I have been working on commercial products for a long time and repeatedly have seen companies compete with similar solutions. Often one is the technology leader and innovates while the other plays catch up and only survives by clever marketing. Sometimes the laggard can become the market leader, but typically only if the innovator makes a mistake (the classic example of a market leader losing ground due to a mistake is when New Coke came out).
When it comes to software products the rule is pretty simple, mistakes in usability are the ones that cost marketshare fastest. Customers are pretty tolerant of technical issues and bugs since all sofware has them, but if the user feels stupid when trying to use your product, they will switch very quickly to an alternative.
Bottom line is that mistakes of ususability are more costly in a competitive market than almost anything else, design wisely.
I just got back from the Microsoft PDC in LA and have been thinking about what I saw there.
It turns out that I have come to a couple of conclusions that I will surely post more about in the future, but for now here is the overview.
First there were several Windows Azure announcements that have swayed me from skeptic to seeing a real chance for Azure to be a contender. Chief among my concerns was the fact that I just didn’t see companies doing a big rewrite just to leverage a cloud solution. Now it is much easier to port an existing application to Azure and there is the option to customize the hosted image. I also saw a demo that no one else seems to have noticed (or I was imaging things). I could have sworn I saw a demo where SQL data hosted behind the company firewall was opened up for consumption by an Azure hosted application. I plan to watch that keynote again to make sure I know what I am talking about so consider this a disclaimer.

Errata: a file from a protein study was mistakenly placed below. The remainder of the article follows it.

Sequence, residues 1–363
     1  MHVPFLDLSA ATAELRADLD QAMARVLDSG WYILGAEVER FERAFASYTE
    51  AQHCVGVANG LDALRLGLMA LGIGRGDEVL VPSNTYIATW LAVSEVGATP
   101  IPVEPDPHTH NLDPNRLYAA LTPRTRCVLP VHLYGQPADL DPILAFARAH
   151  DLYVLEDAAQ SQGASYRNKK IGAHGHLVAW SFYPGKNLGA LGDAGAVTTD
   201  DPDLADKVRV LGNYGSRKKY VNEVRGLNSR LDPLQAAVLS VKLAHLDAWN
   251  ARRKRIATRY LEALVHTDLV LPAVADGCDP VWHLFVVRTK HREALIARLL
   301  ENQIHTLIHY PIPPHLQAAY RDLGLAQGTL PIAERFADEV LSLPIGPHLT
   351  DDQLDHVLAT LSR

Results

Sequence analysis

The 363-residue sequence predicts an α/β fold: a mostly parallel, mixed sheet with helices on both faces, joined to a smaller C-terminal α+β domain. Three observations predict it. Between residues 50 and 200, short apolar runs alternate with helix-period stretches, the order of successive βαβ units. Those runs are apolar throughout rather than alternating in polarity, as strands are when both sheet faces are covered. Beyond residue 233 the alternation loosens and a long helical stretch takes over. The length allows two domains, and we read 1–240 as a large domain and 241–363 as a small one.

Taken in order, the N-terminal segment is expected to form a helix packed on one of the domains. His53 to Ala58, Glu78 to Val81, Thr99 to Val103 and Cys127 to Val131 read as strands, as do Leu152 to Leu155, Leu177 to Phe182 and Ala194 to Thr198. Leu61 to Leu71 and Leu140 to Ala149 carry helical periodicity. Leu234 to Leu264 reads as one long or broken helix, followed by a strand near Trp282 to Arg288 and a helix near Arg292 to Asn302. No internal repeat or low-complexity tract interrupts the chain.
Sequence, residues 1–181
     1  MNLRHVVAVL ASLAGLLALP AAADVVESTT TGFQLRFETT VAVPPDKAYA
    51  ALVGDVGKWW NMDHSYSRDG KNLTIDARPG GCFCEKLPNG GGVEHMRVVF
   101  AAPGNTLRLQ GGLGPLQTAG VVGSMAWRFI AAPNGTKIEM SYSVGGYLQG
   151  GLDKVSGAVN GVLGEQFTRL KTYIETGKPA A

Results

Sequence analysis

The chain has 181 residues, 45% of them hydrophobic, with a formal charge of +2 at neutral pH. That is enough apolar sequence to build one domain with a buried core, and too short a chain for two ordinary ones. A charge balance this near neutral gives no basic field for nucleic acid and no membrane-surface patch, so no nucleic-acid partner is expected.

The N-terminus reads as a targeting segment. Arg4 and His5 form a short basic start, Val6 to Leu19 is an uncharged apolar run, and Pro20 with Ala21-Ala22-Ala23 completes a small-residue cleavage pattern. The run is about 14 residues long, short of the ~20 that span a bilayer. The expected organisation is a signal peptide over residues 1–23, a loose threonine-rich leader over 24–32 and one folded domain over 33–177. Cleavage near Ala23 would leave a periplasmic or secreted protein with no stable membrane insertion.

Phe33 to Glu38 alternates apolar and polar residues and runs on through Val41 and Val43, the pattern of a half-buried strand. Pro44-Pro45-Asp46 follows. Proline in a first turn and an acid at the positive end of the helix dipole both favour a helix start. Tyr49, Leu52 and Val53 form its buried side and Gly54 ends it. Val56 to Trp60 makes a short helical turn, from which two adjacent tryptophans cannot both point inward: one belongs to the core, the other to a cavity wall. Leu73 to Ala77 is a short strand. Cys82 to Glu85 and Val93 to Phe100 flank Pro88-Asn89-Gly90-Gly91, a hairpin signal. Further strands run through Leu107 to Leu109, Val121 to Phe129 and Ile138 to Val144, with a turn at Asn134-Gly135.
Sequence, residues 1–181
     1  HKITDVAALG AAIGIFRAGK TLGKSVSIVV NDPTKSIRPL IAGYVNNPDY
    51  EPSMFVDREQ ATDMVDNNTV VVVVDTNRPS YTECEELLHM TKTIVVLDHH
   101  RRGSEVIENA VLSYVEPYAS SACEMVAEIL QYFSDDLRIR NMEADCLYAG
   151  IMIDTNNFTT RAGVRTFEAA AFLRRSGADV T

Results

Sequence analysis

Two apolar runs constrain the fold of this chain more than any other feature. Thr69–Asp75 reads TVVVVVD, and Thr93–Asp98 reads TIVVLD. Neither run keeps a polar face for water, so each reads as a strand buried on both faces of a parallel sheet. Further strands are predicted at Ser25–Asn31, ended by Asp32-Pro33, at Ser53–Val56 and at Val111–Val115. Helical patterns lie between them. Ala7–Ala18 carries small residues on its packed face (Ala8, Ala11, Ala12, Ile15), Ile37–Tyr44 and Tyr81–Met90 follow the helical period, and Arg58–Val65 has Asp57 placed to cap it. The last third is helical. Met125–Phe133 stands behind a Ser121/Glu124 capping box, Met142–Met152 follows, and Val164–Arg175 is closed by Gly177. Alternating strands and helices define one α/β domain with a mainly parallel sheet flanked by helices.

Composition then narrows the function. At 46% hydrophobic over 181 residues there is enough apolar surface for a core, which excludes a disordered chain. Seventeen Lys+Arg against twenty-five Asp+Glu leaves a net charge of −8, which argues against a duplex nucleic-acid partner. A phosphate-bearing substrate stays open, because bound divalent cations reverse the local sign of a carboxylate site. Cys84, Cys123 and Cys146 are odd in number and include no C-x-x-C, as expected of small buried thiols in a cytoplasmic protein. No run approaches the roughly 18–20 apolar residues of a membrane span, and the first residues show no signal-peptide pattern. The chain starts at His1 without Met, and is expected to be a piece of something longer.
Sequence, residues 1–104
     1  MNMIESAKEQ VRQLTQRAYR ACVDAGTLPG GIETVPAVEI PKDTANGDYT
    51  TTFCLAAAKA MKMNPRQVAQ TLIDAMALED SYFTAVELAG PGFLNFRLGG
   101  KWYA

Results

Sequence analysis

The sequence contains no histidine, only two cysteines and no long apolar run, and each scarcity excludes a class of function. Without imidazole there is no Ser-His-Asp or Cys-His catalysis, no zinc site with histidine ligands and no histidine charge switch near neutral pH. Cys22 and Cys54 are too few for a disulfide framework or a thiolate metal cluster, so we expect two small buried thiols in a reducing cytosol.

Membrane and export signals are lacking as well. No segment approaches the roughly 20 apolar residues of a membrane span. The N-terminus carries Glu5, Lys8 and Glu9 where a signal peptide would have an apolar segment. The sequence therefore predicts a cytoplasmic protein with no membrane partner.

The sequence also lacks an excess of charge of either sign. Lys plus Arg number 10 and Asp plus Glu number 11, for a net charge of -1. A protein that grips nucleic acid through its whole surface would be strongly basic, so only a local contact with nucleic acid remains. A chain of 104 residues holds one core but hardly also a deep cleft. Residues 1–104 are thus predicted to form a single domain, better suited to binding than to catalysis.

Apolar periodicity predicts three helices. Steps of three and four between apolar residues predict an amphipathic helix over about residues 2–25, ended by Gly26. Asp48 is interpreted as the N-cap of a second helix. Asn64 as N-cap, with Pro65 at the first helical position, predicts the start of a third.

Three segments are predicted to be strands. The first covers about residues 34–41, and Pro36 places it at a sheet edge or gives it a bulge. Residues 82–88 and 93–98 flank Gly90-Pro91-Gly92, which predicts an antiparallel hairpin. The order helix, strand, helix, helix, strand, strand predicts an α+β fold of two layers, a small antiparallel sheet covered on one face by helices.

Second, I am now confident that Microsoft will not abandon either WPF nor SilverLight developers since there were already announcements to make both able to run with the same assemblies. A small step, but when coupled with the fact that VS2010 is built with WPF I think the two technologies are both valid for development (I was worried about the future of WPF until recently).
There was of course more, but those will have to wait for other posts.
For many, many years I have been writing and reviewing contracts between my company and clients. As a result I have some insights into how things can be made to work more simply.
First up, this is not legal advice, just me sharing some experiences. You should always run your contracts by your lawyer to ensure you aren’t painting yourself into a corner you did not intend.
Second, I have always tried to standardize contracts as much as possible and educate prospective clients up front as to what our process was for setting up contracts. Often the client will have their own ideas and their own contracts, but life is much better if you get the majority of clients to use your system rather than having to make a project out of every deal. I find that the more reasonable my process and contracts the more likely the client will accept my contracts rather than insist on using their own.
Third, you must always remember that contracts are to govern the relationship between you and the customer when things to wrong. They almost never come up when the project comes off to mutual satisfaction. They are insurance if done well and they are a death sentence if they are done badly in cases where the project goes off the rails.
Fourth, contracts are not personal, they are just part of business. If you are doing business with someone you like and trust then there is a temptation to skip on the contractual completeness or correctness. THIS IS A MISTAKE! Always think in terms of what would happen if the project went sideways and the person you had to deal with was not the one with whom you set things up. This has happened to me on a regular basis and the only defense is to have solid contracts.
I hope to post more information like this in the future.
I am packing tonight to head to the PDC in Los Angeles and wanted to tell anyone else who will be attending that I am hosting a Birds of a Feather session at lunchtime on Thursday on security hype.
The thesis is that we are seeing a steady stream of over hyped security “issues” that tend to remind me more and more of the ads for the evening news that say things like “Your water could be killing your children, details at 11″. We plan to discuss how this trend is hurting actual preparedness for the real threats.